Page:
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broad (session-based) queries

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# 1
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broad (session-based) queries - I believe I know what these are, but I want to confirm - 

 

Users search on KWs that prompt an ads.  Then the same user makes another search "intra-session" on a KW that does not match our ads, but we come up in the search results anyway?   Or perhaps do we come up only if they clicked on us, bounced, and w

 

Anyhow, I'm pretty certain of the answer to ultimate question, but I am posing it anyway - can I turn off my eligibility for this exposure, as my experience across every account is that broad session-based queries do not perform.   It's not awful, just always out of bounds from a unit cost perspective.

 

It seems odd that Google has concluded that showing up under queries irrelevant to my ad copy is so awesome, that providing some elective toggle is always not necessary.

Regards, Doug
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1 Expert replyverified_user

Re: broad (session-based) queries

Rising Star
# 2
Rising Star

If you're using broad match keywords, you cannot "turn off" session-based query serving, no. It's fundamental to the broad match type that it serves the widest potential pool of searches. You might want to check into using Modified broad match, instead?

 

If you're using Phrase & Exact match keywords, there is a place on the Campaign Settings tab where you can turn on/off "expanded" searches for those types of keywords. Most "expanded" searches are misspellings and plurals but occasionally other types of searches are matched.

 

 


Theresa
Google AdWords Top Contributor
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Re: broad (session-based) queries

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# 3
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Theresa,

I use modified broads all the time.

I fail to understand the reasoning behind the widest potential pool argument. Relevance is still the foremost criteria, and if someone is doing subsequent search and my set of KWs can't stand on their own, in terms of auction eligibility, that's good. My numbers are stark - 2x cost/conversion over the average (for relevant broad terms).

This is for a big account, pretty well optimized.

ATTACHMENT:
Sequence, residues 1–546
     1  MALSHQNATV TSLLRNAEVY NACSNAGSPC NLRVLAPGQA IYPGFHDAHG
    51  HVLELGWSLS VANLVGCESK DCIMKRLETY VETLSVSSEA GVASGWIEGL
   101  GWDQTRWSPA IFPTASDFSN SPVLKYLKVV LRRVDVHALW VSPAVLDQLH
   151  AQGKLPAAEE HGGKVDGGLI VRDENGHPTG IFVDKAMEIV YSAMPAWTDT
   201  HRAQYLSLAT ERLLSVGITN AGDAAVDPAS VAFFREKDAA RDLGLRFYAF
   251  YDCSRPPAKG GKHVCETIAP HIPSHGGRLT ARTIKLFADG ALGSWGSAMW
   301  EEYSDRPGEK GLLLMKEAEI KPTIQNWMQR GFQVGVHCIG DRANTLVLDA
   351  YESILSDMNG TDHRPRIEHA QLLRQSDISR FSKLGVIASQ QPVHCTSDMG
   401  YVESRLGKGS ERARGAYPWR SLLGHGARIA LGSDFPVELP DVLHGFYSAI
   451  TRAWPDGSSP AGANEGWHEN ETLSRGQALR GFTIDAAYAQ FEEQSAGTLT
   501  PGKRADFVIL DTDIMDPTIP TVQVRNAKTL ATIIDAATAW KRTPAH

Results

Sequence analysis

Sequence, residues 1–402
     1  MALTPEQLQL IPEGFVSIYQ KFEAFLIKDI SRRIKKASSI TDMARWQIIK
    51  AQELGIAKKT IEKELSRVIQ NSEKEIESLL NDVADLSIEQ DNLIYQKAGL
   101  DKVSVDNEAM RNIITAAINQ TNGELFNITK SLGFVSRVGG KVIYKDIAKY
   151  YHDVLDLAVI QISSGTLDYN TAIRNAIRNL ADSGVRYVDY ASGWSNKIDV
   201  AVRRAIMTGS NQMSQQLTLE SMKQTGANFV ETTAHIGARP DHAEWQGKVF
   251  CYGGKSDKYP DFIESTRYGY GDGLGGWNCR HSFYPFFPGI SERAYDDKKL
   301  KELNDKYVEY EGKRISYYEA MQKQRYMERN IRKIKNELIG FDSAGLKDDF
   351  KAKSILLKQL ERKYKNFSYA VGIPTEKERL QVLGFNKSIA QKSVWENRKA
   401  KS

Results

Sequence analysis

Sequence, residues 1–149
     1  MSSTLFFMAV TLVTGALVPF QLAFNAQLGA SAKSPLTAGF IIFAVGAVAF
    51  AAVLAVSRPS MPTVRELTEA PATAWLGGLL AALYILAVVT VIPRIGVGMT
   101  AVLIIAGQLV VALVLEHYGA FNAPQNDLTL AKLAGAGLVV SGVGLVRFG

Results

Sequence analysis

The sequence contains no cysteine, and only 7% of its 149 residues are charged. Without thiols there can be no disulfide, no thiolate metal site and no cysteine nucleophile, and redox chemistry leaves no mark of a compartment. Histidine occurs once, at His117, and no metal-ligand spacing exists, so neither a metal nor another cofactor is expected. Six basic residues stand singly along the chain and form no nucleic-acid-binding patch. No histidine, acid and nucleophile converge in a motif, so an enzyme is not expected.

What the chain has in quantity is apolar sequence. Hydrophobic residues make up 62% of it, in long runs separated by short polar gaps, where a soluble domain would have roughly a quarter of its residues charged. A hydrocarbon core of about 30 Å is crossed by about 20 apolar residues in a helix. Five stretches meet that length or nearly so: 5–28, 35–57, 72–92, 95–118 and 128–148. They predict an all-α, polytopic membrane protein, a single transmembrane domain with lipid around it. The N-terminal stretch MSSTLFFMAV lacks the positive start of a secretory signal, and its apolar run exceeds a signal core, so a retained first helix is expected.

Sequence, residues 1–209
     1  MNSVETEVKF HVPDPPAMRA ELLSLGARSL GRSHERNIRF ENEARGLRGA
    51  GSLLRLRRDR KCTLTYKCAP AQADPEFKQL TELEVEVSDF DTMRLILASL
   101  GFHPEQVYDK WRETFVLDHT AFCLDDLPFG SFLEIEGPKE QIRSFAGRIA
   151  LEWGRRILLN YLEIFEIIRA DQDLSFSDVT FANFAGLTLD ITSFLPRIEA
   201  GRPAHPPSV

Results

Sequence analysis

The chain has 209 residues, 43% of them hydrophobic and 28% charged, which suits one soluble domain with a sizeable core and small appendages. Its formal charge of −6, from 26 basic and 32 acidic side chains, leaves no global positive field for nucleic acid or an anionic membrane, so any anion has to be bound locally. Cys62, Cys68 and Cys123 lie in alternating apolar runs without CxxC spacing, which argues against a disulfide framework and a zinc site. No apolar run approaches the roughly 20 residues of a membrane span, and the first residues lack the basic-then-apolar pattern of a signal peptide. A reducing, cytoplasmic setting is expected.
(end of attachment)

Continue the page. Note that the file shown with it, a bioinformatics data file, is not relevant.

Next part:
I am not getting google's reasoning. Broad terms - wide pool - I get it.... but these session-based queries are much less relevant - frankly a majority are irrelevant.
Regards, Doug
LinkedIn  

Re: broad (session-based) queries

Rising Star
# 4
Rising Star

I agree that most sophisticated advertisers avoid generic broad match search terms most of the time. Like everything, broad match keywords have their uses. 

 

For example, not all markets have keywords (and ROI) that are easy to define. A short period of advertising on broad match can provide valuable keyword insight to help them discover just how their customers search for their product or service. When running a campaign for discovery, those "session-based" search queries are every bit as valuable--sometimes more valuable--than any other category of search query. 

 

When I use modified broad match keywords, I accept that the appearance of "session-based" search terms are part of the cost of that type of matching and keep my negative keyword list robust to eliminate wasting money on unwanted clicks.

 

 


Theresa
Google AdWords Top Contributor
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Re: broad (session-based) queries

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# 5
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Hi Doug,

I share your frustration on some accounts, yet on plenty of other accounts I manage, I find that session based serving can be quite a benefit. I guess one size never does fit all!

To answer your question, though, Theresa is right - you need to either use the Broad Match Modifier or resort to stricter (phrase / exact) matching.

You could try negative matches if you find a particular trend that keeps recurring

Re: broad (session-based) queries

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# 6
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Doug,
What Theresa said. Standard broads are best for testing.

Re: broad (session-based) queries

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# 7
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I've also seen some useful session-based matches, but for the most part I find it to be a frustrating feature. I prefer showing ads based on search query relevance rather than user relevance.

Question for all of you:

I've only seen session-based matches on long-tail keywords with little to no-competition. Have you seen session-based matches on keywords with competition?